Johnson and Dilger said that the goal is to develop a tool for pigs that is equivalent to what is available for the mouse brain and make it publicly available. But they don't want to stop with tool development.
"We want to use this to address important questions," Johnson said.
One research direction being pursued in Johnson's lab is to induce viral pneumonia in piglets at the point in the post-natal period when the brain is undergoing massive growth to see how it alters brain growth and development. They are also looking at effects of prenatal infections in the mother to see if that alters the trajectory of normal brain growth in the offspring. The risk for behavioral disorders and reduced stress resilience is increased by pre- and post-natal infection, but the developmental origins are poorly understood.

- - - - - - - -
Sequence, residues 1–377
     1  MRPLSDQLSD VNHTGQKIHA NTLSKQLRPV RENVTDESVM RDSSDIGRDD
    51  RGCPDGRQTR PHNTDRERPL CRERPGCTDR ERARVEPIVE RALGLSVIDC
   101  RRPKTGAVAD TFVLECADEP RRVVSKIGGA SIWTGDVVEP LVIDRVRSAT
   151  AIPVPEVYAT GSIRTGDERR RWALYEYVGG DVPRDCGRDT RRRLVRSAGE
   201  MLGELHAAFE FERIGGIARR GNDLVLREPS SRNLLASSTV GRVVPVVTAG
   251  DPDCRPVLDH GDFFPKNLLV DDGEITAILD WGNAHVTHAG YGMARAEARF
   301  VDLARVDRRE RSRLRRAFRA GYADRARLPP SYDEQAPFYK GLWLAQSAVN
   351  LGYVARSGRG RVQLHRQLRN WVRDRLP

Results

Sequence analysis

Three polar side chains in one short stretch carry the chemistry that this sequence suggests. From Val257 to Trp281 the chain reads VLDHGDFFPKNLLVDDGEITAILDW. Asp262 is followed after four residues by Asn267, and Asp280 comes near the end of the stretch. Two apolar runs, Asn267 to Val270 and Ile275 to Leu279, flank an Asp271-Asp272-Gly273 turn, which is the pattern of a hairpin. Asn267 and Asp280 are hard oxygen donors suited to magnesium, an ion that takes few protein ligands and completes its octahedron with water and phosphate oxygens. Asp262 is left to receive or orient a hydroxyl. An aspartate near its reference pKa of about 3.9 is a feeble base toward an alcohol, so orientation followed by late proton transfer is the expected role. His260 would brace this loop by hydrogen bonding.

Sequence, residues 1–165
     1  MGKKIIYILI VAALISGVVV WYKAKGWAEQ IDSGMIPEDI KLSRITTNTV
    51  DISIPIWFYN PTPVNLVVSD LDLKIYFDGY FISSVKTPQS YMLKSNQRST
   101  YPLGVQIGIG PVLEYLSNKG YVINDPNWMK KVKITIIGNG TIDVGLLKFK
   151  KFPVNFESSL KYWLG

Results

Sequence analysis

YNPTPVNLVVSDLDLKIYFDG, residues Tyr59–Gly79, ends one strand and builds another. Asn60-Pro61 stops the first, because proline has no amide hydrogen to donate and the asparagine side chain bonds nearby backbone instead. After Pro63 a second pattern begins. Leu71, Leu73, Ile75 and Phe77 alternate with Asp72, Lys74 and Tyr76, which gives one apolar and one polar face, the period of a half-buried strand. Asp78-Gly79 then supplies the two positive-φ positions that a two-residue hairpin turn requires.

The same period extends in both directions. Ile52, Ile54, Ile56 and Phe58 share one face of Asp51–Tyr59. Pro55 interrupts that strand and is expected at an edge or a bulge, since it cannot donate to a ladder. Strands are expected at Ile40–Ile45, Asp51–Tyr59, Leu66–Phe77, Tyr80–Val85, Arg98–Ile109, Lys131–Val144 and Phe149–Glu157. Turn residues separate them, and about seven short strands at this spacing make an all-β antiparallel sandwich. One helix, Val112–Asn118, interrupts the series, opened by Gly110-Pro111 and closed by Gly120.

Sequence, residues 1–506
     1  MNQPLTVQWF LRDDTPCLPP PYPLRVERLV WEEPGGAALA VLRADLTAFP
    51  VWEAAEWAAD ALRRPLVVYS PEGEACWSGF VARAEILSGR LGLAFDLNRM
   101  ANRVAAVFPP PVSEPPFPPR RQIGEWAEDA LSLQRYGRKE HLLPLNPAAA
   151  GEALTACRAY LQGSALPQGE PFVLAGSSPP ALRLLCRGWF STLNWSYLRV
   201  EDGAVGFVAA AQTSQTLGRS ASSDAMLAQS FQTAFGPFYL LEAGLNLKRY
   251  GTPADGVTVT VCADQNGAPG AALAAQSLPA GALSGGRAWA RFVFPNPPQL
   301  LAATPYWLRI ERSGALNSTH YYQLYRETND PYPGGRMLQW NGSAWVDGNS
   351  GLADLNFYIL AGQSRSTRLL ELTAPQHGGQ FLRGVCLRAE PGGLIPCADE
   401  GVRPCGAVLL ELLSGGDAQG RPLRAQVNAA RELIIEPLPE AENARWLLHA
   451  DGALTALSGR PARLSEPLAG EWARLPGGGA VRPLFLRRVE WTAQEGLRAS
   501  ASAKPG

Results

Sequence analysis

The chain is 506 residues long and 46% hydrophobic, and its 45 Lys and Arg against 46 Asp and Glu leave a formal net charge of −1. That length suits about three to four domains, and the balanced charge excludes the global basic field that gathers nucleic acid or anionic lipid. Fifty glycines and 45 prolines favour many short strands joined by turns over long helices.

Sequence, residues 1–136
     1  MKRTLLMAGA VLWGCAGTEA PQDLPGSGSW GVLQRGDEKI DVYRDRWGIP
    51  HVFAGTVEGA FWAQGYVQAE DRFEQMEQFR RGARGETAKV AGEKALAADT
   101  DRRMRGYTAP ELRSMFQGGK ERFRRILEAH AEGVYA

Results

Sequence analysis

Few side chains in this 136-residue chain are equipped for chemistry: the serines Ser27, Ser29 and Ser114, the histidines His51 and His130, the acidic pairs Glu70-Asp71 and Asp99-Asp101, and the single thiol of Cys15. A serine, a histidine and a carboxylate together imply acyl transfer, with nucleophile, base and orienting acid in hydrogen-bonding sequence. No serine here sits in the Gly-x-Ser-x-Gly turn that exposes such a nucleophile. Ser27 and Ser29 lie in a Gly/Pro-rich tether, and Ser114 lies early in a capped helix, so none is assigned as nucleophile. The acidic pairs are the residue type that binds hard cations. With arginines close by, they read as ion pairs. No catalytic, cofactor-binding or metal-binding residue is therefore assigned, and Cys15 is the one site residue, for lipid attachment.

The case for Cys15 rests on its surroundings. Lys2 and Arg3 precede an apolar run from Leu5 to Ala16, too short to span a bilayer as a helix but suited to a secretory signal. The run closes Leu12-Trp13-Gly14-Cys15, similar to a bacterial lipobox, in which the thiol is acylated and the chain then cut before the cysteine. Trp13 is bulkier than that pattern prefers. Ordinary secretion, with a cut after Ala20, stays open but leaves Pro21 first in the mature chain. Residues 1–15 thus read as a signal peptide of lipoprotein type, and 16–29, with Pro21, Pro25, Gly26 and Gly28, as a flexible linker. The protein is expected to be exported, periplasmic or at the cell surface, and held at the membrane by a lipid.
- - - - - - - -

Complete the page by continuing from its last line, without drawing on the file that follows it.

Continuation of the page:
Dilger's group is interested in the effects of early-life nutrition on the brain. They are looking at the effects of specific fatty acids as primary structural components of the human brain and cerebral cortex, and at choline, a nutrient that is important for DNA production and normal functioning of neurons.
"Choline deficiency has been tied to cognitive deficits in the mouse and human, and we're developing a pig model to study the direct effects choline deficiency has on brain structure and function," Dilger said. "Many women of child-bearing age may not be receiving enough choline in their diets, and recent evidence suggests this may ultimately affect learning and memory ability in their children. Luckily, choline can be found in common foods, especially eggs and meat products, including bacon."
|Contact: Susan Jongeneel|
University of Illinois College of Agricultural, Consumer and Environmental Sciences